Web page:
Wounded Iraq veteran sentenced to 5 years
By Matt Sabo | The (Newport News, Va.) Daily Press | Published: January 15, 2014
GLOUCESTER, Va. — An Army veteran wounded in Iraq during two combat tours was sentenced Tuesday in Gloucester County Circuit Court to serve almost five years in prison for nine daytime burglaries.
Steven Browning Tozer, 27, had all but 58 months suspended of a 75-year sentence for 15 felonies that he pleaded guilty to in September. Visiting Judge Walter J. Ford also ordered Tozer to pay $33,863 in restitution to the nine victims.
In court testimony, Tozer was portrayed as a former soldier who turned to drugs such as spice to deal with post-traumatic stress disorder and traumatic brain injuries stemming from his separate combat tours of 15 months and one year. In 2005, Tozer was shot in the hand and suffered shrapnel wounds and concussions from exposure to gunfire and roadside bombs, including one that detonated beneath the vehicle he was riding in, according to court testimony.
Tozer was arrested last April in connection with a series of residential burglaries. At the time he was involved in a bitter court battle over custody and visitation of his two young sons from a previous marriage, according to court testimony.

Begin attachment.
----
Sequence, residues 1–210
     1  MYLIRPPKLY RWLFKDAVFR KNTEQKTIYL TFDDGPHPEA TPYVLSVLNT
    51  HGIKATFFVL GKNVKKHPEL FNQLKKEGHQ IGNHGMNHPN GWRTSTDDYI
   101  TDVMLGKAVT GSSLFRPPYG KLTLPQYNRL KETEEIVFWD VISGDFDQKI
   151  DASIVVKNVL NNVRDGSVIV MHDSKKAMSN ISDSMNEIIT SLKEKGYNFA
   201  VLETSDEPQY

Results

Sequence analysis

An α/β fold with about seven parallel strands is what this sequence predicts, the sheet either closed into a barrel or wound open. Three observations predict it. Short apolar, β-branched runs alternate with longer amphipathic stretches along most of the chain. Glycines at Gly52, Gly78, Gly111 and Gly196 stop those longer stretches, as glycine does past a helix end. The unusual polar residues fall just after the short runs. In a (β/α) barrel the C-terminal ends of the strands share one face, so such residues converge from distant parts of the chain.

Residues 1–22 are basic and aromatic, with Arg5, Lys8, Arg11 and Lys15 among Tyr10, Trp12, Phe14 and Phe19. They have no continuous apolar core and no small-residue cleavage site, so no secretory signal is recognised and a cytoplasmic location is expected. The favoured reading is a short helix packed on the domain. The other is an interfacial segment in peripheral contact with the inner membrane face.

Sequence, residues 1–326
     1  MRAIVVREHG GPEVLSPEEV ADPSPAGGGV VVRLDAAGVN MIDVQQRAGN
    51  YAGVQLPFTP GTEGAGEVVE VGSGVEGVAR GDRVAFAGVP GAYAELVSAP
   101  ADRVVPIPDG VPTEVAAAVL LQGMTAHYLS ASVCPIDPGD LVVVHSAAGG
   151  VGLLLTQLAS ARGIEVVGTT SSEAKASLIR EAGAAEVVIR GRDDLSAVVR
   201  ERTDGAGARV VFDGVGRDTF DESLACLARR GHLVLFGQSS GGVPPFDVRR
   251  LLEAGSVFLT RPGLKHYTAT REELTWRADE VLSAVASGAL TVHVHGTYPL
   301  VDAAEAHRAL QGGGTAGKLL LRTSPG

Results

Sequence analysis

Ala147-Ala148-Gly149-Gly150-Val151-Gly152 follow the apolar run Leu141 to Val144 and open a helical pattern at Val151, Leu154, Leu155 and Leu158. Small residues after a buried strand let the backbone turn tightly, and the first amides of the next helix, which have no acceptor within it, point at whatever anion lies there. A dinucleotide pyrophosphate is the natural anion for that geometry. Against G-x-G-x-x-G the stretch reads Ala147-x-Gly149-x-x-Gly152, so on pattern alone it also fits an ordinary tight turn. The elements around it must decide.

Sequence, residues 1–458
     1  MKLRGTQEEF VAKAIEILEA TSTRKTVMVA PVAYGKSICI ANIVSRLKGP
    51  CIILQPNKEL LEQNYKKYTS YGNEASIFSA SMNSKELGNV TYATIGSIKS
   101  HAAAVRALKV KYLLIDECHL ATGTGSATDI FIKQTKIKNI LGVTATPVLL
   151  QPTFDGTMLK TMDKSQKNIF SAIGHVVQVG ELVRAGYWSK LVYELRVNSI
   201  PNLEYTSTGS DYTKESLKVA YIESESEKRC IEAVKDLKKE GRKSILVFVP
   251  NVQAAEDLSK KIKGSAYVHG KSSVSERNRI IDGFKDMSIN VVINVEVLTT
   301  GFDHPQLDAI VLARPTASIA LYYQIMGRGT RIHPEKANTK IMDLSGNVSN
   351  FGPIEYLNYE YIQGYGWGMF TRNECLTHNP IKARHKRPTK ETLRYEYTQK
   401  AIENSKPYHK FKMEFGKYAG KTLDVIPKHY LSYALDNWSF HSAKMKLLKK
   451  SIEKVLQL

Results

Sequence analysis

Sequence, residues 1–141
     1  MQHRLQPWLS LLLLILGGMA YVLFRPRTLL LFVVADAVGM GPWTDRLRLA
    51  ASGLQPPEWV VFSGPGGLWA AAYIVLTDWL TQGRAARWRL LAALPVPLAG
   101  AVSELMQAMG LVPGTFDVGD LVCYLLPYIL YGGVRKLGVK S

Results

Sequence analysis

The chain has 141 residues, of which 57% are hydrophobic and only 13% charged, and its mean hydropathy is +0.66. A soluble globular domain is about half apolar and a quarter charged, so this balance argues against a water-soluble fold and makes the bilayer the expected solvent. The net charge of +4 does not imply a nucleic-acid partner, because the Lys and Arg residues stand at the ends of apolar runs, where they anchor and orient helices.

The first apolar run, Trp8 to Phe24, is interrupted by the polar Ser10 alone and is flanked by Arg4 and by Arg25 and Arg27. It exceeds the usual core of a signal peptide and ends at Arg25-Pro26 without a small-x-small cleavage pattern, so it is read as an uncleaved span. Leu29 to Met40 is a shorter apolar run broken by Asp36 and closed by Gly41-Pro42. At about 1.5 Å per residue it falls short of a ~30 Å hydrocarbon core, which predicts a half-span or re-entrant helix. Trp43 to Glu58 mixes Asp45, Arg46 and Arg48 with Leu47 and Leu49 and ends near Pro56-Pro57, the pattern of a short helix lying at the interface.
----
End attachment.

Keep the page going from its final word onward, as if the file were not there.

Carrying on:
Tozer's current wife, Dana Tozer, wrote an 11-page letter to the judge and testified that life with her husband has been tough. In addition to dealing with the post-traumatic stress disorder, he suffers from short-term memory loss and other issues.
"You feel like you're taking care of a child sometimes," she said. But she said her husband is "always good to me. He has a huge heart."
Dana Tozer and her husband's attorney, Michael Soberick Jr., had asked that he be sent to a center in Baltimore for treatment of his mental and emotional ailments. Steven Tozer has done a lot for this country and never got the help he needed, Dana Tozer said.
"I think he deserves that chance," she said.
Assistant Commonwealth's Attorney Laura Maust said she personally knows veterans who served combat tours who did not return and commit crimes.
"You can punish the defendant and keep the community safe," Maust said.
Steven Tozer read each victim's name and apologized to them.
"I have become a parasite to the very families I swore to protect," he said.
Ford said justice demands penalties.
"You've got to pay the penalty for what you've done," Ford said. "It's wrong."